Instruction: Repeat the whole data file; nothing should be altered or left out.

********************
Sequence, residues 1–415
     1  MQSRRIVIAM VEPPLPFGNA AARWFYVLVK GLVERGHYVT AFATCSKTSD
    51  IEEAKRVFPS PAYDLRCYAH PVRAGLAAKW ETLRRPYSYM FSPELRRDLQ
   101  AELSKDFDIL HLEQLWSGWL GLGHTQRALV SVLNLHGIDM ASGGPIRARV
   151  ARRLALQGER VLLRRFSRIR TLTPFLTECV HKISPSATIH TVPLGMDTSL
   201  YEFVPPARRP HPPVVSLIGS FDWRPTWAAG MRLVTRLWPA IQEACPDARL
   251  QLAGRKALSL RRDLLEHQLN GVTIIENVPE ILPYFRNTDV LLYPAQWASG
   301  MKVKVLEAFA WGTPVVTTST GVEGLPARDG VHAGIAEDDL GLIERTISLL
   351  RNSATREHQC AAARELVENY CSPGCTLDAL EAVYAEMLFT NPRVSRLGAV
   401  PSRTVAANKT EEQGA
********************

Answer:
Sequence, residues 1–415
     1  MQSRRIVIAM VEPPLPFGNA AARWFYVLVK GLVERGHYVT AFATCSKTSD
    51  IEEAKRVFPS PAYDLRCYAH PVRAGLAAKW ETLRRPYSYM FSPELRRDLQ
   101  AELSKDFDIL HLEQLWSGWL GLGHTQRALV SVLNLHGIDM ASGGPIRARV
   151  ARRLALQGER VLLRRFSRIR TLTPFLTECV HKISPSATIH TVPLGMDTSL
   201  YEFVPPARRP HPPVVSLIGS FDWRPTWAAG MRLVTRLWPA IQEACPDARL
   251  QLAGRKALSL RRDLLEHQLN GVTIIENVPE ILPYFRNTDV LLYPAQWASG
   301  MKVKVLEAFA WGTPVVTTST GVEGLPARDG VHAGIAEDDL GLIERTISLL
   351  RNSATREHQC AAARELVENY CSPGCTLDAL EAVYAEMLFT NPRVSRLGAV
   401  PSRTVAANKT EEQGA